To turn race and ethnicity into an “artificial identity group advanced over the interests of the class,” and to equate any kind of anti-racism with “liberal identity politics,” is to deny the very real and persistent presence of racial injustice and oppression in our midst. To do this is to perpetuate the historical exclusion of people of color, their struggles and their concerns from the ranks of our organizations. To do this is to condemn our organizing to utter irrelevance.

As a class struggle anarchist, I am struck by how poor is the author’s analysis of class. Kelly Lee and I recently wrote in our pamphlet: “It is impossible today to speak of class without speaking of racialized poverty and a racialized division of labor.” And as “Anonymous” would learn if s/he studied history or actually went out and organized in a workplace or community, race and class cannot be separated in our society, nor can white supremacy be wished away.

All anti-authoritarians share the author’s opposition to “centralized organization.” But it’s hard to see how this has anything to do with the author’s attack on the federative structure. We also agree that the “informal leadership” is a real problem within SDS. But that’s exactly why an actual structure is necessary. There’s nothing undemocratic about having delegates from chapters on a rotating, recallable spokescouncil, or marginalized groups having their own spaces in SDS.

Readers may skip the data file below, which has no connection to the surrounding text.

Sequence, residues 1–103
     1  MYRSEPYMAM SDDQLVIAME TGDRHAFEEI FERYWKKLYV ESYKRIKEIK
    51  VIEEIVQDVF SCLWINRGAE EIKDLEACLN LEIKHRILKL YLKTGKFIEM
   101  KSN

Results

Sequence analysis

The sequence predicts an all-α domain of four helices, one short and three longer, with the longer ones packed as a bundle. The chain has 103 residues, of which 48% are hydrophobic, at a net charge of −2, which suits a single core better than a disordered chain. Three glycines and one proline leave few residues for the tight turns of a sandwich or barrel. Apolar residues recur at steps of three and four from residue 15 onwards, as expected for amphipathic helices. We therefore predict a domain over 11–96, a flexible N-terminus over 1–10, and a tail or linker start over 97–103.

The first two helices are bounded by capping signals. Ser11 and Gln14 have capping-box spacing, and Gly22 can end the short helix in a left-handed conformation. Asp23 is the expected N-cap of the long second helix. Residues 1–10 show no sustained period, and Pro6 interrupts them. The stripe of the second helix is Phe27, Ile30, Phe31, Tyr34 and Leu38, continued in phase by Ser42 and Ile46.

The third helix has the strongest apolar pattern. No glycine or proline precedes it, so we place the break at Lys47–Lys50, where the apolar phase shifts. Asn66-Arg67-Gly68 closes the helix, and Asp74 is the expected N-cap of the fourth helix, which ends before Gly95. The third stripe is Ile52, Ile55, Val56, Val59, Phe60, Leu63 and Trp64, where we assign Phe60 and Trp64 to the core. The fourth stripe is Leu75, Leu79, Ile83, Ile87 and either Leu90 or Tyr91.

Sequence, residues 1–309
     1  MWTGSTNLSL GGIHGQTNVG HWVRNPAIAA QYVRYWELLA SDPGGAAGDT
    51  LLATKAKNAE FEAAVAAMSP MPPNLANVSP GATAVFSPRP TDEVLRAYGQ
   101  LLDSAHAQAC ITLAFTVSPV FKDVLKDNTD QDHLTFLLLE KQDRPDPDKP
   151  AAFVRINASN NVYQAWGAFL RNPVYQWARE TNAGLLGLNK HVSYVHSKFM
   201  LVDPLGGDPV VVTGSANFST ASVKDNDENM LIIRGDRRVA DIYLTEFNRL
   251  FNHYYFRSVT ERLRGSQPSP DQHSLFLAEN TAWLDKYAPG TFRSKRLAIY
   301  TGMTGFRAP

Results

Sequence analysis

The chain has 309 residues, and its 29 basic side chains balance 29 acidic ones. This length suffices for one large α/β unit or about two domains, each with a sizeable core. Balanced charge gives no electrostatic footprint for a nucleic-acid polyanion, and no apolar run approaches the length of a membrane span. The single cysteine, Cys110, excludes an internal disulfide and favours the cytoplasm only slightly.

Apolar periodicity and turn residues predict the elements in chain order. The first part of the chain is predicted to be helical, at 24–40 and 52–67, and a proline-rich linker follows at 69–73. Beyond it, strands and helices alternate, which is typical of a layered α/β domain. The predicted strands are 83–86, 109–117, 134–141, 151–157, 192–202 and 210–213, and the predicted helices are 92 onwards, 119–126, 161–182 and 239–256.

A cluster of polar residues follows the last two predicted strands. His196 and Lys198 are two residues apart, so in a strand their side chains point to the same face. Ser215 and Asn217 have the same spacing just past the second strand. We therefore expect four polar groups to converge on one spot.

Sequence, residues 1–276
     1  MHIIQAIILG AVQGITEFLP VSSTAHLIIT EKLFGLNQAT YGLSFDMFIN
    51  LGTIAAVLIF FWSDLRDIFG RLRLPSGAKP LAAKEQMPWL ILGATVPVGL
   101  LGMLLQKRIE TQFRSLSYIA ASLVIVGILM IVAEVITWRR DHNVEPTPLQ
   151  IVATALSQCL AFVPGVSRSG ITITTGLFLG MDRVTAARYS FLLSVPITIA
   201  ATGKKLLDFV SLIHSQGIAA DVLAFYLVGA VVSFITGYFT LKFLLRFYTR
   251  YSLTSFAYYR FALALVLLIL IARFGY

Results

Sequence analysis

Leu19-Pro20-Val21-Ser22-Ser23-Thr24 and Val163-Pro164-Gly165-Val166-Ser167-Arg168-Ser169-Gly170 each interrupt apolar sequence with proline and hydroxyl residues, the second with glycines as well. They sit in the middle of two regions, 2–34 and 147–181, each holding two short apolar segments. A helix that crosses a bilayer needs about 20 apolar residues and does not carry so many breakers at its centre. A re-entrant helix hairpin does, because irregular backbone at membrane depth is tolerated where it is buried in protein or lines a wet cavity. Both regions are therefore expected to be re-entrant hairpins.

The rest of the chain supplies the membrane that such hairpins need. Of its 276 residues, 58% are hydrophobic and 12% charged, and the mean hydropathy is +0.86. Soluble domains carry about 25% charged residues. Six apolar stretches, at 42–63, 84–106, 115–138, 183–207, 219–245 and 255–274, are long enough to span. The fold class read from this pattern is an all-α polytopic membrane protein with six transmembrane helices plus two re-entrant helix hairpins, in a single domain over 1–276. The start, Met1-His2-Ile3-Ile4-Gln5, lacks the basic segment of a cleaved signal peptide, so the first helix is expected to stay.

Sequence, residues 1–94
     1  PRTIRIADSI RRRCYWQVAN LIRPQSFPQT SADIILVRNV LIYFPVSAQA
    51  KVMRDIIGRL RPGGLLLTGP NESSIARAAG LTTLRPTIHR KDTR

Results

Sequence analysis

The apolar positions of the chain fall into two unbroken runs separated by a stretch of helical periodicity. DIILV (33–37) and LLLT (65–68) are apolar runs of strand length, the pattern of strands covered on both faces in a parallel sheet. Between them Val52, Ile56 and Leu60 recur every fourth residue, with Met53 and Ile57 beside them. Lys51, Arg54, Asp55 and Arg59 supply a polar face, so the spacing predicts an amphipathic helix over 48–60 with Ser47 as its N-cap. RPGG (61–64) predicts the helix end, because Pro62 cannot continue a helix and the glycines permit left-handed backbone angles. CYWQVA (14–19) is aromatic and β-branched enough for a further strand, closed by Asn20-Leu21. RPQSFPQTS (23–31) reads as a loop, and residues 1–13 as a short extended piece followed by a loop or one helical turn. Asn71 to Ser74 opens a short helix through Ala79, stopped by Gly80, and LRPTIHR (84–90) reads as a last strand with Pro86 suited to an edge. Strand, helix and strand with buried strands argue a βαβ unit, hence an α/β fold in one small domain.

Those in solidarity with immigrant workers can’t help but be astounded by the author’s slandering organizations like the Chinese Staff and Workers’ Association and campaigns like “Break the Chains” as “business union campaigns” from either a “Maoist sect” or “the historical dead-end of traditional unions.” I would love to hear what the author’s got in mind to top the work that these immigrant worker-led movements are doing for their own liberation.

The author makes a total of one valid point: Students need to start seeing themselves as young workers, not just as “students.” But they’re not going to do it by reading screeds with no understanding of the realities that young workers are facing today, realities that have a lot to do with race, with organization, and yes, with unions. Student-workers will only gain their consciousness through the process of struggle. It’s too bad “Anonymous” hasn't gained theirs yet.